Sugar packets, I thought this was an interesting collectible item. I had never heard of collecting sugar packets before I started doing some research. I also didn't realize that there were so many different types of sugar packets. There are sugar packets dedicated to U.S. presidents, places in the U.S., antique autos, airlines, hotels and burger joints. I was amazed.
The first sugar refinery in New York City was opened on Liberty Street in 1730 by Nicholas Bayard. Most raw sugar was imported to the colonies from overseas and the city was soon a center of sugar refining largely because of the port and the high local demand for sugar. The industry attracted such prominent families as the Livingston's, the Bayard's, the Cuyler's, the Roosevelt's, the Stewart's, and the Van Cortlandt's.
The only thing you really need to start a sugar packet collection is sugar packets. Pretty basic. You will need a place to store your packets. Some collectors store them in show boxes. Other collectors use a binder with clear plastic pocket pages. This seems like the most common sense thing to use and you can see all your sugar packets and you can organize them the way you want. You can organize by restaurant or hotel or you can arrange them by when you got them such as put the first ones you collect at the beginning and so on. Another thing is that some collectors remove the sugar from the packet first whereas others feel that the sugar is part of the packet and therefore part of the collection. It is completely up to you what you decide to do.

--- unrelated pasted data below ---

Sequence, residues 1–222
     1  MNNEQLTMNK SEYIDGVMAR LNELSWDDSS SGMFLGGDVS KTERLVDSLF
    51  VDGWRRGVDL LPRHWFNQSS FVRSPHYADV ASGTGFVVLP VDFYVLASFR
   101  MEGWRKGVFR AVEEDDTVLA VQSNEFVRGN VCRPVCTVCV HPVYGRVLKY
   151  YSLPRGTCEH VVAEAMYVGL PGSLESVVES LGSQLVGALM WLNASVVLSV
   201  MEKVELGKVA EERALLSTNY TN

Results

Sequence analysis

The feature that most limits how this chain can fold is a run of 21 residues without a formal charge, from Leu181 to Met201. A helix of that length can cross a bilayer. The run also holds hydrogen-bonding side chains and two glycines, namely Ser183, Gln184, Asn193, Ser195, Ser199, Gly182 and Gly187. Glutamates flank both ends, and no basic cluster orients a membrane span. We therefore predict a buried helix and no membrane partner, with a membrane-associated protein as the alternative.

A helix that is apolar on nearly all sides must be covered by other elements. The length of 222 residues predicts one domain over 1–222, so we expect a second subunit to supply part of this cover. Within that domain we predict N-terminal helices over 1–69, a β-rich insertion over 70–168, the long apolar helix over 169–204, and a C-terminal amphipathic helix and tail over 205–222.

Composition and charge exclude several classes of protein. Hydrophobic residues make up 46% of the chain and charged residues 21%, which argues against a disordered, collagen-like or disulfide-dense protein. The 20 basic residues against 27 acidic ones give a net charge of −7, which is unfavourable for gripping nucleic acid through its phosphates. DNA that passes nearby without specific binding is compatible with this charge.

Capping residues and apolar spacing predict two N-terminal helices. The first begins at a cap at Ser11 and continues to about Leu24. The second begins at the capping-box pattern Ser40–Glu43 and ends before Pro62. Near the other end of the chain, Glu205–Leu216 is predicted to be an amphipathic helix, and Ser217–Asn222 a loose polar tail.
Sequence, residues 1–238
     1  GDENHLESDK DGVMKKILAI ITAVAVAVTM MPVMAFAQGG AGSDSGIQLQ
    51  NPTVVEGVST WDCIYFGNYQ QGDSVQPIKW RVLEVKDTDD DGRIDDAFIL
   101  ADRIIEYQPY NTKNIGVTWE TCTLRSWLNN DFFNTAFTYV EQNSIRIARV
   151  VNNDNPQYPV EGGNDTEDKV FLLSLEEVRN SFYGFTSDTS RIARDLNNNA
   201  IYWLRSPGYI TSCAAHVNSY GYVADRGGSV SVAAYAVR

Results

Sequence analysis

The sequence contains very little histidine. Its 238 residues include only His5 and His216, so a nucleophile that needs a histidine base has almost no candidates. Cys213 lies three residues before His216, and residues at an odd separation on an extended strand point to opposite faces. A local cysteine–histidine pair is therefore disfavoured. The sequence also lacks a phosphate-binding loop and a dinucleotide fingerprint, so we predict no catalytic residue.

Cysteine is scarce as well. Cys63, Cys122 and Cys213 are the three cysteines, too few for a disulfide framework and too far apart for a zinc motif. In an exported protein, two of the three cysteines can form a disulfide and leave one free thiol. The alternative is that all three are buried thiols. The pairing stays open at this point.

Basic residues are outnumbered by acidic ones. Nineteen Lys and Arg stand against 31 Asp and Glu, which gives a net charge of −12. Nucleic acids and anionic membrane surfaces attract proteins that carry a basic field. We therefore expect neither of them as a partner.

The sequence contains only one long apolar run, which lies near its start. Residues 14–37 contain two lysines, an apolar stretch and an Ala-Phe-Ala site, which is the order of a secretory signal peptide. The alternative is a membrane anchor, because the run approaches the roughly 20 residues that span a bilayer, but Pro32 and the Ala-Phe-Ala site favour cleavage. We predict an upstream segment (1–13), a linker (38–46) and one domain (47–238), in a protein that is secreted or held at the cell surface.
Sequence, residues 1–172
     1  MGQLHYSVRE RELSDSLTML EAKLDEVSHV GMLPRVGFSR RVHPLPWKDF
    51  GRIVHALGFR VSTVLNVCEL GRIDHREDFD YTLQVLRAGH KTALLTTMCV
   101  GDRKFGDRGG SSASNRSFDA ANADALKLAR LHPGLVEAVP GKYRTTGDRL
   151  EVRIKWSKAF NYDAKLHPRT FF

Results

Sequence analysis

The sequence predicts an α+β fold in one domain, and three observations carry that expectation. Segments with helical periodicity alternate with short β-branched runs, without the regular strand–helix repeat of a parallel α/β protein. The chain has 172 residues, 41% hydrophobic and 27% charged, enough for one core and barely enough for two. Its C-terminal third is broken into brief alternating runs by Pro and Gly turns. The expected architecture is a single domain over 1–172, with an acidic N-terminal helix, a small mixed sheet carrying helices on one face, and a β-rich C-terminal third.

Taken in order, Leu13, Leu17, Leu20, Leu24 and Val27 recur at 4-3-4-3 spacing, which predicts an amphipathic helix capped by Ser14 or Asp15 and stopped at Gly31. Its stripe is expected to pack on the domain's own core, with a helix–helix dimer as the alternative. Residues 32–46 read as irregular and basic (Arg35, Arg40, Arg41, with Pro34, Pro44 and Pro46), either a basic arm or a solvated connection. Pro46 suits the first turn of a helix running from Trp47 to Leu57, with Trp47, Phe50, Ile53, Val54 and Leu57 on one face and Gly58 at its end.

The best way to get sugar packets that you don't already have or won't be able to get otherwise is to trade them. If you have friends or family that already collect them, then you can start trading there. If not, there are tons of places online to do trading. Join a sugar packet collectors club such as The UK Sucrologists Club. They issue a newsletter four times a year, which includes information about sugar companies and packagers, new issues of packets, competitions, forthcoming visits to sugar packet producing companies, future exchange meetings and members' experiences and hobbies.
Most sugar packets are indeed free. You can collect them at hotels, restaurants, trains, airplanes, etc. Basically anywhere a hot beverage is sold, you will find sugar packets. But there are some rare ones that are sold online, especially online auction sites such as EBay. There have been rare and unique ones that were sold for around $25 a piece. You don't have to pay money for them though. The best way is through trading since this is totally free. And you can trade with people from other countries who have some unique ones you probably wouldn't get anywhere else.